# Re: the 97% rule and american education standards (LONG)

Gordon Irlam (gordoni@base.com)
Sat, 6 Apr 1996 18:44:35 -0800 (PST)

> > If, in a school of 1,000 lockers, one student opens every locker, a second
> > student closes every other locker (second, fourth, sixth, etc.), a third
> > student changes every third locker (opens closed lockers and closes open
> > lockers) and so on until the 1,000th student changes the 1,000th locker,
> > which lockers are open? <bg- huh? I don't even know where to begin without
> > doing it longhand and taking an entire day>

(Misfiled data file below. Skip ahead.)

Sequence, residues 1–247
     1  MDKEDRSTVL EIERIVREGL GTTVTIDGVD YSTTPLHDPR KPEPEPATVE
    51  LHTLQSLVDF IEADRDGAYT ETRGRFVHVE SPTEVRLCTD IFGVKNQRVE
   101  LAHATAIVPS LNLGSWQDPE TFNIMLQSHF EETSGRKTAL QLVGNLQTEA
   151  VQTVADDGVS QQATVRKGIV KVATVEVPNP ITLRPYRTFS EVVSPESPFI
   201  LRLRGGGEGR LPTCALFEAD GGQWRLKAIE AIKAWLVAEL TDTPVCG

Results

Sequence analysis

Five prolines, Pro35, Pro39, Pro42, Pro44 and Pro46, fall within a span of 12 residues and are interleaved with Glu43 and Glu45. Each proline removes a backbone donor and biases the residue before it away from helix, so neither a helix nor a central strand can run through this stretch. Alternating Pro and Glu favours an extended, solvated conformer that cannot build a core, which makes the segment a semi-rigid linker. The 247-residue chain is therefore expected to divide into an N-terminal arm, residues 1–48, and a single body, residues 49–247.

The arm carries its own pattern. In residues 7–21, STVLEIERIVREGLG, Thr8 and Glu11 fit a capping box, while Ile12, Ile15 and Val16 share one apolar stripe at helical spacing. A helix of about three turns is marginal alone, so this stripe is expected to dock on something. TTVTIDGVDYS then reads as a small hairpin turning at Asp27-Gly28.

>
> This is a little nasty, isn't it, folks? Frankly, it's even beyond SAT work
> (which I had a 13 something on that year).
>
> Let's see: student n changed every nth bit. So, locker k is changed by #of
> divisors. And they want you to compute the PARITY of the number of divisors of
> every number from 1-1000? Well, we know all the prime lockers are closed, so
> we can use the prime density as an upper bound... :-)
>
> Nutso. I mean, they tried this on Math Team, but for *everyone*? They're
> kidding themselves.

Hmmm, parity?? Rohit? Grade 8 math?

1, 4, 9, 16, 25, ...

Factors come in pairs
Except when squares...